The Daily Evergreen

Remembering frosty ‘Refrigerator Bowl’

Frigid 1955 matchup of Cougars, Spartans recounted by witness

Bill+Steiger+follows+team+captain+Jerry+Brockey+down+the+field+against+the+San+Jose+Spartans+on+Nov.+15%2C+1955.+
Bill Steiger follows team captain Jerry Brockey down the field against the San Jose Spartans on Nov. 15, 1955.

Bill Steiger follows team captain Jerry Brockey down the field against the San Jose Spartans on Nov. 15, 1955.

DAILY EVERGREEN ARCHIVES

DAILY EVERGREEN ARCHIVES

Bill Steiger follows team captain Jerry Brockey down the field against the San Jose Spartans on Nov. 15, 1955.

JACKSON GARDNER, Evergreen assistant sports editor

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Regardless of how WSU fares in its home opener against San Jose State University, it will be nearly impossible to top the historic matchup 63 years ago.

The game took place on Rogers Field just adjacent to where Martin Stadium currently stands. The now-practice fields of WSU football hosted a game in blistering cold conditions that would end in a 13-13 tie and would forever be remembered as the “Refrigerator Bowl.”

The game was played in the winter of 1955, when Winston cigarettes advertised in The Daily Evergreen and WSU was Washington State College.

Just a day before the Cougars’ game, Head Coach Ray Hobbs and his Pullman Greyhounds football team had captured a massive win against crosstown rival Moscow High School for their 20th-consecutive win in the span of two seasons.

That game was played in sub-zero temperatures with a wind chill that brought it even below that. It was an icy precursor of what was to come for the Cougars on Nov. 12, 1955.

The Cougars were hosting the 5-2 San Jose State Spartans and were largely considered underdogs on their home field. It was in all respects a miserable season for the Cougs. They entered the game 1-6-1, with four shutout losses to their name already. Their only positive result of the season came against the University of Idaho in a 9-0 conference road win.

“It was one of those terribly, terribly cold winter days,” Richard Fry, the former WSU sports information director from 1957-70, said. “I think it was November 12, was it?”

On that memorable day — so memorable Fry still remembers the date despite 63 years having passed — he was with the WSU News Bureau, positioned in the press box to witness the game that was played on a frozen tundra of a field.

He remembers how the Cougars placed steel barrels on the sidelines and started fires in them to try and keep the players warm. Throughout the game both teams tallied 13 fumbles — five from the Cougs and eight from the Spartans — because of the bone-chilling temperatures.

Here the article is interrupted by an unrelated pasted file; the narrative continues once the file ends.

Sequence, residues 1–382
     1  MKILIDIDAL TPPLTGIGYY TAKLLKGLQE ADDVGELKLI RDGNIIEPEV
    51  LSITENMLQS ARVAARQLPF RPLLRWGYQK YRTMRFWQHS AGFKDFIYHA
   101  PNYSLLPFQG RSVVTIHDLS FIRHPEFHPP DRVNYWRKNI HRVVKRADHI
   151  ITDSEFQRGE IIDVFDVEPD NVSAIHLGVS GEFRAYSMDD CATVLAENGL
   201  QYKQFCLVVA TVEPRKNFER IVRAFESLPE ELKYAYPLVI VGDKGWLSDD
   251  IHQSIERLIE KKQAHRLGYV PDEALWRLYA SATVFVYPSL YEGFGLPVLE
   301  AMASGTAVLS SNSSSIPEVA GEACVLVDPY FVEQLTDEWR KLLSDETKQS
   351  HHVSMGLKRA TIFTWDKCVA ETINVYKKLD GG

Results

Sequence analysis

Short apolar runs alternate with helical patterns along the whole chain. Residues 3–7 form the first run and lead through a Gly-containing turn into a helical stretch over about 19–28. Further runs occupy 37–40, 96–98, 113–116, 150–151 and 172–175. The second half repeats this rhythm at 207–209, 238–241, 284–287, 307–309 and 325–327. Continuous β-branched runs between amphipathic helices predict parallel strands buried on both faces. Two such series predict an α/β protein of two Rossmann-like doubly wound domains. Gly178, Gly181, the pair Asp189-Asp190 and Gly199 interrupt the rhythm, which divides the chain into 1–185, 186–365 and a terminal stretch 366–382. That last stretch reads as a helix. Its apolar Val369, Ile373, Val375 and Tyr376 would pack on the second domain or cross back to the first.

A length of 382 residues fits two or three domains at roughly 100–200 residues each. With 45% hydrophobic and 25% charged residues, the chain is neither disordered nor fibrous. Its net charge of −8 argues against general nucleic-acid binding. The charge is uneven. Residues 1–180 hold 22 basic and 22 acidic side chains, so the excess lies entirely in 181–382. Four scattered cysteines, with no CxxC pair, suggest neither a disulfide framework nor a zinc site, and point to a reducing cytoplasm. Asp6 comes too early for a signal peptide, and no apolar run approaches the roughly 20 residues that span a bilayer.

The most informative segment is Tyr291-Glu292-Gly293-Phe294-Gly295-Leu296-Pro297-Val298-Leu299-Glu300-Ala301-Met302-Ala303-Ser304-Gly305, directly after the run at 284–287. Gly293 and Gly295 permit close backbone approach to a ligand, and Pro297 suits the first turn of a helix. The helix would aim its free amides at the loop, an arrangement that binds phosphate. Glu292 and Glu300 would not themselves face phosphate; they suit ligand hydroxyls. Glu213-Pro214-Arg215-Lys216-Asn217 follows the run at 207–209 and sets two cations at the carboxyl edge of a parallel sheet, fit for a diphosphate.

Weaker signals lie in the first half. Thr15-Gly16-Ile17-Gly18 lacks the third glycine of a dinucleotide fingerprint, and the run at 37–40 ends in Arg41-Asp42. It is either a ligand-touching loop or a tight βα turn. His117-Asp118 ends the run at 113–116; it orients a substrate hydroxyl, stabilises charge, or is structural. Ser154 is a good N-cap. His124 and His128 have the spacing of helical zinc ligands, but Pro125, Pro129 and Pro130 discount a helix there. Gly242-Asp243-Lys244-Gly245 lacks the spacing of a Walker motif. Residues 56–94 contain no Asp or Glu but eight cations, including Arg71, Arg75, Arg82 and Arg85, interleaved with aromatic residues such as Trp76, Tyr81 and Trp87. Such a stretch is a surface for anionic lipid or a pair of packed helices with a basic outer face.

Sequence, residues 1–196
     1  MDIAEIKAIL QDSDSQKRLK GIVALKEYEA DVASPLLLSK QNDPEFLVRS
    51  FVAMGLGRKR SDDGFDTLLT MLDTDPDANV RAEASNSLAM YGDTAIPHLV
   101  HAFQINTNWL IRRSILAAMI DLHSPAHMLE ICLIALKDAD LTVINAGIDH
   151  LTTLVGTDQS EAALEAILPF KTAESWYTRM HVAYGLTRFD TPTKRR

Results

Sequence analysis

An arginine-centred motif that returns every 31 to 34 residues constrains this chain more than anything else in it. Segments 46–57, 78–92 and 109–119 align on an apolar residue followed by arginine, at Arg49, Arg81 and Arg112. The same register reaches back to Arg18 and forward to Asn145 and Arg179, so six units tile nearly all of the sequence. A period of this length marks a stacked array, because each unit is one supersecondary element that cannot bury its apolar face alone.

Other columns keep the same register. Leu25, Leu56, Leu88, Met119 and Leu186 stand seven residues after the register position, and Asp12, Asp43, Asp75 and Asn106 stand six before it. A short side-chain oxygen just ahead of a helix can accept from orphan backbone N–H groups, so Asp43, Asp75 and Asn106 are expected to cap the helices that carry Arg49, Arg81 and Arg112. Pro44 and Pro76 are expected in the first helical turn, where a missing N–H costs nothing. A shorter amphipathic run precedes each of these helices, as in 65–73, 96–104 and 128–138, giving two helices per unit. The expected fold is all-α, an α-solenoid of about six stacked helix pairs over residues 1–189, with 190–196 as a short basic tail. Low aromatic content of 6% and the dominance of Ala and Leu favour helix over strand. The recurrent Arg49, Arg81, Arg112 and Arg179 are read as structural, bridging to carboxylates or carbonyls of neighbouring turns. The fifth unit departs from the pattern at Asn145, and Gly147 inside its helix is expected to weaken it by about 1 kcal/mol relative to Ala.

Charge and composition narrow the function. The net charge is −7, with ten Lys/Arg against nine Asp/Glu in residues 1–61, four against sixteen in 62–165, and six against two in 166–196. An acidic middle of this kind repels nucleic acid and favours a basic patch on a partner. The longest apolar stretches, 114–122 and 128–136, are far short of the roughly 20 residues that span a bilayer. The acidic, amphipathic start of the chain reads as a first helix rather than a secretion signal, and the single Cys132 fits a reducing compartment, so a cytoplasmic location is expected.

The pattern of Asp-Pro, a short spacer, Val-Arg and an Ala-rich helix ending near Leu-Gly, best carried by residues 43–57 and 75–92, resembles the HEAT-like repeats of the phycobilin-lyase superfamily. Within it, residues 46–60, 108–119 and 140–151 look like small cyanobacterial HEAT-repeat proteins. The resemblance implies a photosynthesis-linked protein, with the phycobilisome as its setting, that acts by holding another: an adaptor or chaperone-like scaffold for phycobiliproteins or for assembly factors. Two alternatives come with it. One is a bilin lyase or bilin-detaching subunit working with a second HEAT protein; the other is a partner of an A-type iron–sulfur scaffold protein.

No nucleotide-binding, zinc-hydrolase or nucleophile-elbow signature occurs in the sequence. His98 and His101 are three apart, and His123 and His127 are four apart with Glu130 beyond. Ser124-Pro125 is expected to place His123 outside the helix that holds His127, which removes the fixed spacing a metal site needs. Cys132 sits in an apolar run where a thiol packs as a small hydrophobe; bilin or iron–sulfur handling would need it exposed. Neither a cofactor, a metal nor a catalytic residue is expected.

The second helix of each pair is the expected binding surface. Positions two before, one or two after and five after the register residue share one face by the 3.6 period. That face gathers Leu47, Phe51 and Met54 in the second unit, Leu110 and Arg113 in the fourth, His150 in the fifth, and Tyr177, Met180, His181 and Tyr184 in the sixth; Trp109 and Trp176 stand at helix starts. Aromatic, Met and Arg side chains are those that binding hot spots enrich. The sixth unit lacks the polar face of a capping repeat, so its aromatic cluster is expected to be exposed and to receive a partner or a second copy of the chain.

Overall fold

“One incident I remember well, Herb Ashlock was the sports editor of the Spokane [Daily] Chronicle, and I had poured some coffee for Herb and he made the mistake of taking his right glove off — and the bench those days were steel instead of wood — and when he put his hand down to get that coffee, it just froze right there to the steel,” Fry recalled. “So he took the coffee cup and poured a little hot coffee on his hand to unfreeze him.”

Writers who couldn’t handle the freezing temperatures left the press box to watch the game from the senior ballroom, which still overlooked Rogers Field.

Among the writers who were covering the game was The Daily Evergreen’s then-sports editor Tom Gullikson.

“The older members of the press box crew could remember no game ever played on the Cougar home field under such adverse weather conditions as near-zero thermometer readings and the chilling winds,” Gullikson wrote in the Nov. 15, 1955 edition of The Daily Evergreen.

He added: “According to WSC’s baseball coach Buck Bailey the Gonzaga-WSC grid-tussle of 1926 comes the closest to duplicating the conditions of last Saturday.”

Gullikson’s portrayal was not hyperbole. Nov. 12, 1955 was the coldest Nov. 12 in the entire history of the weather bureau.

It was so cold that only 1,600 fans were in attendance at Rogers Field, which sat 20,000. Only one Cougar fan who had reserved a ticket at the box office followed up to purchase the ticket and go to the game. That fan’s name was Charles Moore and he was quickly sought after by then-ticket manager Robert Smawley.

In the Nov. 15, 1955 edition of The Daily Evergreen, Gullikson’s headline read “The Search Is On.”

“Bob Smawley is still searching for the purchaser of the one reserved seat ticket sold by his ticket sellers last Saturday,” Gullikson wrote. “This person if found will be refunded the amount of money he paid for the ticket.”

“If a person buys a ticket in advance he wants a seat at the game,” Smawley said in Gullikson’s reporting. “But if a person braves a storm and buys his ticket amidst a falling snow, he really wants to see the game.”

Smawley eventually found Moore. He was honored and his money was refunded at a Cougar basketball game against then-defending Pacific Coast Conference champions Oregon State Beavers.

This weekend when the Cougars take on the Spartans, it isn’t set to produce headlines quite like the matchup did in 1955. But the Refrigerator Bowl is a small part of Cougar football that deserves recognition as one of the more unique games to ever be played in WSU history.

About the Writer
JACKSON GARDNER, Evergreen reporter

Jackson Gardner is a Senior Communication major from Woodinville, Wash. his brother John Gardner is a wide receiver for the University of Washington Huskies.

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Remembering frosty ‘Refrigerator Bowl’